Canada's Bubble Hits The Mainstream Media

If you thought I was exaggerating in an earlier post (here) by calling the Canadian house market a bubble consider the following excerpts from the Financial Post:

Read the whole article here.

Our unstoppable housing market may have met its match

Ian McGugan, Financial Post

Canada's unstoppable housing market faces a challenge. To stay unstoppable, it needs mortgage rates to remain low and affordable. But to keep setting new sales records, it also needs more people to land more jobs so they can afford to buy more homes.

The problem is it's next to impossible for the economy to produce both these happy outcomes. Interest rates usually stay low only if unemployment remains high. Once jobless numbers start falling, mortgage rates typically shoot upward. Hoping for both low interest rates and lots of jobs is like a farmer praying for both dazzling sun and buckets of rain.

Whatever happens over the months ahead, the real estate market will face resistance from either higher rates or continued unemployment. If you've been betting on continued strong increases in home prices, it may be time to take a moment and ponder what you would do if home prices went sideways for a while - perhaps for a very long while.

A sign of what is in store came Monday, when Royal Bank of Canada and Toronto-Dominion Bank announced that they were raising interest rates on some fixed-rate mortgages. The hikes are small -- the equivalent of an extra $70 a month on a $200,000 five-year fixed mortgage -- but they look to be the first move toward more painful increases.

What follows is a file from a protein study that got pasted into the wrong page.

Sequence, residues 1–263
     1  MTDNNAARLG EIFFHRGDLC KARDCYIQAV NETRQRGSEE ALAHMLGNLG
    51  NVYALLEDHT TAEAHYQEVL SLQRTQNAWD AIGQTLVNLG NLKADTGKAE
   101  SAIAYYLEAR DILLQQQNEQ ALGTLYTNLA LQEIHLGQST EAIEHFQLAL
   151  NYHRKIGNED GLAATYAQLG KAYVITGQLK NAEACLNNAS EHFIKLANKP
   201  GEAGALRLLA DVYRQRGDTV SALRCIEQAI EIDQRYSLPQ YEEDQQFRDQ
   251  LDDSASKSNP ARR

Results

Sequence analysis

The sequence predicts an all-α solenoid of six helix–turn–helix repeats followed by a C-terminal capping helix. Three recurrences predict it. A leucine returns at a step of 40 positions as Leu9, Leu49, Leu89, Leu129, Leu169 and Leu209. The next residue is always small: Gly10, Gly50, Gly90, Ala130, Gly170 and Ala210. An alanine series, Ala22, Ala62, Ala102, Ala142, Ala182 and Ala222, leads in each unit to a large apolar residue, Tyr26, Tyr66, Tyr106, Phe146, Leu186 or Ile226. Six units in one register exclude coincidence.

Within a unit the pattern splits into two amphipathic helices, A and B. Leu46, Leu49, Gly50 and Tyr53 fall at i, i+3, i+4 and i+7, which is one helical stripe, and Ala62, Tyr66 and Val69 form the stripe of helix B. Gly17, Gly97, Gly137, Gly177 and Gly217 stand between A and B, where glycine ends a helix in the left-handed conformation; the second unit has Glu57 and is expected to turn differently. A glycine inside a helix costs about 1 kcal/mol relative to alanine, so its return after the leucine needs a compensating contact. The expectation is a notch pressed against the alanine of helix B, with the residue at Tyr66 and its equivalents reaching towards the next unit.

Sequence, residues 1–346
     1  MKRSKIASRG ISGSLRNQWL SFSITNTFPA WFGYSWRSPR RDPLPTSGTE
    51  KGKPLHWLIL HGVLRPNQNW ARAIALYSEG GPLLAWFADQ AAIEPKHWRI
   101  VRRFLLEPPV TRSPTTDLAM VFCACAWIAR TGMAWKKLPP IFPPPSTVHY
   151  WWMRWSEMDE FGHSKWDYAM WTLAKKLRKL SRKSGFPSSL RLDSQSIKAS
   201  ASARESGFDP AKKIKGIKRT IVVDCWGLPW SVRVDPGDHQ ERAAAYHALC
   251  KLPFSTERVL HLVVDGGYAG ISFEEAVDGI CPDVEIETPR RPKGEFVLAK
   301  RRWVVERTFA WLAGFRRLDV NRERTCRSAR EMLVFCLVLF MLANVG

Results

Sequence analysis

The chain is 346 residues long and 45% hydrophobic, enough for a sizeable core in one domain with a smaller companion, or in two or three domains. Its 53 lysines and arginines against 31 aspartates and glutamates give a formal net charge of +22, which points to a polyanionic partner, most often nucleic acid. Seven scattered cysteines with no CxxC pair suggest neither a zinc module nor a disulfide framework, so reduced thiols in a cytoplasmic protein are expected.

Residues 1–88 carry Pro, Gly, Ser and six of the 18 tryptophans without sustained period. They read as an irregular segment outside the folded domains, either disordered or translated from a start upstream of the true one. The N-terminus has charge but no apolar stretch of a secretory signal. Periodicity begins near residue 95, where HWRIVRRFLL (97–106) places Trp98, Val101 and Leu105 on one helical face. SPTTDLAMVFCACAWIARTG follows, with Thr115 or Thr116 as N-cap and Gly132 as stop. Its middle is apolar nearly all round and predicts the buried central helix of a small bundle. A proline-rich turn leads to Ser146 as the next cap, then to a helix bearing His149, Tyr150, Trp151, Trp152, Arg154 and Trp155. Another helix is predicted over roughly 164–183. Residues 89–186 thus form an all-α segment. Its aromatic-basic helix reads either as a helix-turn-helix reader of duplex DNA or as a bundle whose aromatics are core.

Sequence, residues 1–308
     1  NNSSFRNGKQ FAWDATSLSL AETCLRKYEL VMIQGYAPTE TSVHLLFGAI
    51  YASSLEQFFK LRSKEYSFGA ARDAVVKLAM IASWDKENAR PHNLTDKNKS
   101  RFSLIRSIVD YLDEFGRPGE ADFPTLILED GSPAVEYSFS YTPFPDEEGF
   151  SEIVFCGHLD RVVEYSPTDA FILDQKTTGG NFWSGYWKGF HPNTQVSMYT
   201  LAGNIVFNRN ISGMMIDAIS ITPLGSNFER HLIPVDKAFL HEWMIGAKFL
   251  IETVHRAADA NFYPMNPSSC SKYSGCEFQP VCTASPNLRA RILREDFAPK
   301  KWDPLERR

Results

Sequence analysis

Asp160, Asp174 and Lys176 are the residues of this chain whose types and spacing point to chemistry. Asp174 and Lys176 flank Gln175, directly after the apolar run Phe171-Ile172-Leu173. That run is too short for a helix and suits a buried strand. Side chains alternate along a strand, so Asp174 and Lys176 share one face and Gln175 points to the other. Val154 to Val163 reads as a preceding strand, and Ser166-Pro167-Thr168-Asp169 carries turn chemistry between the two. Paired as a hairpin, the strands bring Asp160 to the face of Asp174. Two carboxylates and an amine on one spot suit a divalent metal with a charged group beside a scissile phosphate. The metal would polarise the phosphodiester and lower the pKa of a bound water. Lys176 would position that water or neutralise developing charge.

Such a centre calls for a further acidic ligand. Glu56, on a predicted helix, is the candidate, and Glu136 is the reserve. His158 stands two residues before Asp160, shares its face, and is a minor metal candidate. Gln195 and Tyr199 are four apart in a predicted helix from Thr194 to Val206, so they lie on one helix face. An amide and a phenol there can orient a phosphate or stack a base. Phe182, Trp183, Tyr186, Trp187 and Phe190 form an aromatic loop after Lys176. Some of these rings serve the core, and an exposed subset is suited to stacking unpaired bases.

You can blame the pain on the surprising strength of Canada's economic recovery, which has removed the case for keeping the bank rate at the lowest levels in Canadian history. Mark Carney, the governor of the Bank of Canada, is expected to start raising rates this summer.

How high will rates go? The prominent economists who make up the Monetary Policy Council of the C.D. Howe Institute are urging the Bank of Canada to hike its key overnight interest rate by 1.75 percentage points over the next year.

If other borrowing costs follow course, rates on five-year fixed mortgages will be nudging up against 7% by this time next year - and that will start to pinch. On a $200,000 fixed-rate mortgage, a new homeowner would be paying a couple of thousand dollars more a year than she would be now.

The last thing that many Canadians need is an added expense of that magnitude. Household debt levels have galloped ahead over the past few years. Personal bankruptcies per capita are at their highest levels in nearly 20 years.

The Bank of Canada recently looked at what a moderate increase in interest rates would mean to household finances. It found that if the "effective borrowing rate" -- a mix of various mortgage and consumer credit interest rates -- edged upward by slightly more than a percentage point over the next couple of years, the portion of households deemed to be financially vulnerable would hit a record peak of 9.6%, more than half again the average of the past decade.

The technical term for this is "scary." And what makes it scarier is that Canada's real estate market may already be in bubble territory.

Average prices for a resale home in Canada have doubled over the past decade
and with little apparent reason. If a genuine shortage of accommodation were behind the galloping prices, rents should also have surged. But they haven't.

The International Monetary Fund says that home prices in comparison to rents are higher in Canada than any other developed country with the exception of Sweden. David Rosenberg of Gluskin Sheff, the Toronto money management firm, has looked at Canadian home prices in terms of both price-to-rent and price-to-income and concluded that current home prices are 15% to 35% above levels that would be consistent with housing fundamentals.


It looks like a deflationary scenario is beginning to play out in Canada too.  Once banks start to take some write downs as housing prices drop, we can expect to see lending by Canadian banks decline accordingly.